Like many Metro Vancouver municipalities, Richmond has seen huge changes in the past decade. With more than 75,000 new residents expected by 2041, many more changes are on the horizon.
Five City of Richmond planners summarized what’s been happening in Richmond and what to expect in the coming years for an audience of more than 200 REALTORS® on October 12.
Here’s a summary of what they said.
Land use contracts
John Hopkins, senior planner, provided an overview of how Richmond has dealt with land use contracts (LUCs). These contracts:
- have been in place since the 1970s;
- were registered on the property title;
- are contractual agreements regulating land use between the city and the property owner; and
- took precedence over zoning regulations, creating two types of zoning which caused neighbourhood conflicts.
There were 139 LUCs in Richmond, covering 4,007 single family properties, 1,200 residential strata units, 434 rental or cooperative units, and 15 office commercial strata units. In 2014, the BC government amended the Local Government Act to allow the termination of LUCs by June 30, 2024. Richmond is in the process of terminating 93 LUCs to bring properties in line with current city zoning.
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Arterial road strategy
Edwin Lee, planner, development applications, gave a brief overview of Richmond’s Arterial Road Land Use Policy, which increases density along its arterial roads. The goal is to place developments on arterial road properties in close proximity to commercial services, public amenities, schools, and transit services.
a) arterial road townhouses − two to three storey townhouse units;
b) arterial road row houses − attached dwelling units on fee simple lots (lane access);
c) arterial road duplex/triplex − two to three attached dwelling units on one lot (road access, no lane);
d) arterial road compact lot duplex − compact front to back duplex (lane access);
e) arterial road compact lot coach house − single detached dwelling with a coach house unit above a detached garage (lane access); and
f) arterial road compact lot single detached − single detached dwelling with or without a secondary suite (lane access).
Here’s the Arterial Road Housing Development Map.
Farmland housing regulations:
Hopkins gave an overview of building permits on Agricultural Land Reserve (ALR) farmland.
Source: City of Richmond
High capacity ALR land needs to be used to grow food for increasing populations.
With homes in excess of 20,000 square feet being built, the city placed a moratorium on new building permits on ALR land in 2017.
Now, Richmond has house size limits in the AG1 zone and RS1/F and RS1/G zones in the ALR. Maximum floor area can be:
- 500 square metres (5,382 square feet) if the lot is less than 0.2 hectares (0.5 acres); and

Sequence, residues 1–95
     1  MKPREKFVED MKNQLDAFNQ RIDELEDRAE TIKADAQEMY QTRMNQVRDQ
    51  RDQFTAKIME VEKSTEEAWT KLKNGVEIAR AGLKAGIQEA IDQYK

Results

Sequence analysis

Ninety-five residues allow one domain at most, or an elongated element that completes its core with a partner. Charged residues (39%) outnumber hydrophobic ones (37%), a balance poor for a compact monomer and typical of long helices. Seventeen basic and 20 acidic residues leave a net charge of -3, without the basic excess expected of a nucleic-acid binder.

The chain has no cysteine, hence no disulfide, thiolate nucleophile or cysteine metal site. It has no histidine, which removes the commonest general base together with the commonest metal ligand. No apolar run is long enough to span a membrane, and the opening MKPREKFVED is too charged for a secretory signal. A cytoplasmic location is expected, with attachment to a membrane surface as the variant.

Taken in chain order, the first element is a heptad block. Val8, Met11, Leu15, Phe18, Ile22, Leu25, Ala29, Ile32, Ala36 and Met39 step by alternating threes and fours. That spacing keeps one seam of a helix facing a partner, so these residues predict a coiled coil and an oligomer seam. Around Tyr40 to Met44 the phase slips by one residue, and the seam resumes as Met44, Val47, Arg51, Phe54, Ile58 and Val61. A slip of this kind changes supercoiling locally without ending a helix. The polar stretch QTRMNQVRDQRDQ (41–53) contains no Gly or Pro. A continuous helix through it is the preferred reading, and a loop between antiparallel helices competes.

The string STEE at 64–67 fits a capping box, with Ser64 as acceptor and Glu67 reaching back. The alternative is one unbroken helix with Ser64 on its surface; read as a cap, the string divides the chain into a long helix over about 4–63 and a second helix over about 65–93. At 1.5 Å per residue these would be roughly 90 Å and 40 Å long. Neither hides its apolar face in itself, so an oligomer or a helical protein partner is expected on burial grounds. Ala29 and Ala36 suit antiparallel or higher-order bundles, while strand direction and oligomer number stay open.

- 1,000 square metres (10,763 square feet) if the lot is greater than 0.2 hectares (0.5 acres).
There’s a limit of one single family dwelling per lot in the AG1 zone. No secondary dwellings are permitted unless approved through rezoning.
For the larger house size, the property owner must demonstrate:
- cultural and inter-generational family needs;
- that the applicant can farm;
- there’s a need for a larger farm house to accommodate existing and/or anticipated workers on the site; and
- the site can be used for agricultural production by submitting a detailed farm plan.
For a secondary farmhouse approval:
- the property must be eight hectares (20 acres) or larger;
- an agrologist report must demonstrate that full-time farm workers are required to live on the farm; and
- the secondary farmhouse is subordinate to the principal farm dwelling unit.
The city established a farm home plate in the AG1 zone.
The farm home plate is defined as the portion of the lot, including:
- the principal dwelling unit;
- any residential accessory buildings or residential accessory structures;
- the driveway;
- lawns, landscaping, and artificial ponds; and
- sewerage septic tanks in one contiguous area.
The septic field is not included in the farm home plate.
Read more about farm home plate specifications.
Affordable housing strategy
Richmond adopted an affordable housing strategy in 2007. To date, it’s created more than 1,300 units.
The city is updating this strategy, including:
- subsidized (non-market) rental housing;
- low-end market rental housing; and
- entry-level ownership housing for households with incomes less than $60,000.
Priority groups include families, low-to-moderate income households, persons with disabilities, seniors, and vulnerable populations including homeless residents, women and children experiencing violence, and residents with mental health and addiction problems.
The city conducted widespread consultation and is working with other levels of government, non-profit, and private sectors to achieve its targets.
Funding is through unit and cash contributions by developers. The city provides land, space, or funding and works in partnership with non-profit groups. They also facilitate partnerships between developers and non-profits.